Boeing plans to close its factory in Bankstown, Sydney in 2012 as it consolidates its Australia components manufacturing work in Melbourne.

Most of the 350 affected staff at Bankstown will be offered jobs at Fishermans Bend in Melbourne, where 300 new jobs will be created. Some job cuts are expected, says Boeing.

"The consolidation has been driven by the exit of loss-making third-party work and under-utilisation of both the Fishermans Bend and Bankstown sites," says Boeing.

Each facility is operating at about half capacity, says Boeing Aerostructures Australia's managing director Mark Ross.

"It makes no business sense to carry duplicate overheads," he adds.

Boeing says it makes more sense to move its work to Melbourne as it has invested more than A$200 million ($181 million) there to prepare for the Boeing 787 component production, and because the Melbourne site is owned by Boeing.

Its Bankstown site is on lease from Bankstown Airport, says a Boeing spokesman.

"Our Fishermans Bend plant will also become a designated centre of excellence for composites and is already the focus of considerable research and development effort by Boeing Research & Technology-Australia," says Ross.

Components produced at Bankstown include Boeing 777 rudders, elevators and cove lip doors, Boeing 747-8 wing leading edge, Boeing 737 ailerons, Lockheed Martin C-130 flaps, Bombardier CH300 tail cone and Evolved Sea Sparrow Missile fins, says Boeing.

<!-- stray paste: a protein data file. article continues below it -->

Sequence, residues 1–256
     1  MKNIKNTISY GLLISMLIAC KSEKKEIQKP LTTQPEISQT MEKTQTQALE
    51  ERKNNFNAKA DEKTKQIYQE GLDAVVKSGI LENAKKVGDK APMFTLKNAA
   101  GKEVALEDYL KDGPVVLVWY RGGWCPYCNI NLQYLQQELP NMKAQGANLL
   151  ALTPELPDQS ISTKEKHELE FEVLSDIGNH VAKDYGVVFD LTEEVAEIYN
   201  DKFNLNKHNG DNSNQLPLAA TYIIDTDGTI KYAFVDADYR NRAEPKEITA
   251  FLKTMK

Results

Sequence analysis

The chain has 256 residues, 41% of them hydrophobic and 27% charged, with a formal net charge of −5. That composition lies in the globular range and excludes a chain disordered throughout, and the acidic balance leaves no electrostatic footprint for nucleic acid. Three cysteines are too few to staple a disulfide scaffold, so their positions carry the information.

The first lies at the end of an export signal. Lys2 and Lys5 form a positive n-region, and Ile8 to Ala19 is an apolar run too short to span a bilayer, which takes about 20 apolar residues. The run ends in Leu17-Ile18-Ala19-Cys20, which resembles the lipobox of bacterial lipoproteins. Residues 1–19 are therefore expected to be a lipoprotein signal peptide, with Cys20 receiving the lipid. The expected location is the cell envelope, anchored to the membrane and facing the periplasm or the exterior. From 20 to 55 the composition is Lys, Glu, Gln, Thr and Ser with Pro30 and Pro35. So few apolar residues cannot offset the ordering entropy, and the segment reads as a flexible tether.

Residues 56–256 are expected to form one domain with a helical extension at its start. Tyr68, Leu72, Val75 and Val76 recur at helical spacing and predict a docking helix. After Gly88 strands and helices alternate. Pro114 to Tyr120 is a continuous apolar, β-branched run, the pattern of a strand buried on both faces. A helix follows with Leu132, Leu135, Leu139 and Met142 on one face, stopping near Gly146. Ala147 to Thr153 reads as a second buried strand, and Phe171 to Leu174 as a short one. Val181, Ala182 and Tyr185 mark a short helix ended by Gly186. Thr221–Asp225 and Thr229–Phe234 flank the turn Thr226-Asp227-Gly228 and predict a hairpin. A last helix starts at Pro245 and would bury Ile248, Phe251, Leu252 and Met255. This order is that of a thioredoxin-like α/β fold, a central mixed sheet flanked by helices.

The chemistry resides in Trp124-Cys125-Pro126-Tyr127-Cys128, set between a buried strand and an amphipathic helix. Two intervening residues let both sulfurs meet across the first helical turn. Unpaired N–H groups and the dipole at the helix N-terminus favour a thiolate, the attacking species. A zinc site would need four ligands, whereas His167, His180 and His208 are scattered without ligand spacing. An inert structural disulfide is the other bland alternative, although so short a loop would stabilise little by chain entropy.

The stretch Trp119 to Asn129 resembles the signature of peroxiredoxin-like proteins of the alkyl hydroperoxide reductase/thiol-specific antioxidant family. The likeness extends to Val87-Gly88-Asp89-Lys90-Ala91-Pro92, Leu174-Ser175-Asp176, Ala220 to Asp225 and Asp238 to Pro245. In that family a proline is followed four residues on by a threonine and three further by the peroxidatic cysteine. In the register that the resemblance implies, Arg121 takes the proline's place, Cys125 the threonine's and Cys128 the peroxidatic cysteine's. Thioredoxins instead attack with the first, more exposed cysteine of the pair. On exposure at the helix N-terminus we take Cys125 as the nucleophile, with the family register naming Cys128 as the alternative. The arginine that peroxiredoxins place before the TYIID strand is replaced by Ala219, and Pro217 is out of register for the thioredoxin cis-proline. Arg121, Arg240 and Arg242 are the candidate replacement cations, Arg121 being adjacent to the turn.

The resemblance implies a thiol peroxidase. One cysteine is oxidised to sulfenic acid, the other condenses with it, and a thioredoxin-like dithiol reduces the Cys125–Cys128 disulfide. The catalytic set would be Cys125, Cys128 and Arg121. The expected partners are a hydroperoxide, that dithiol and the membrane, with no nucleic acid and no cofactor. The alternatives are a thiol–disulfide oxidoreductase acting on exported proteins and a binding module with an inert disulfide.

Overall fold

Manufacturing of these parts will move to Melbourne over the next 30 months, it adds.

However, some third-party work like production of winglets for Airbus' A330, Airbus A340, and Airbus A380 aircraft will be dropped, says the spokesman.

The Australian Manufacturing Workers Union, which represents workers at the Bankstown site, says Boeing's move is a "terrible blow" to the staff in Sydney.

"New South Wales simply cannot afford the loss of these skilled jobs at Boeing together with the thousands of downstream jobs that will be affected," says the union's acting state secretary Tim Ayres.

"We know that the Victorian state government invested A$25 million, matching an equal investment from the federal government to attract Boeing to Australia," he adds.

Ross has denied that government incentives were behind the move to Melbourne, according to local media reports.

Ayres is requesting New South Wales premier Kristina Keneally to call an urgent meeting with unions and Boeing in an effort to keep the company in the Australian state, says the union.

Source: Air Transport Intelligence news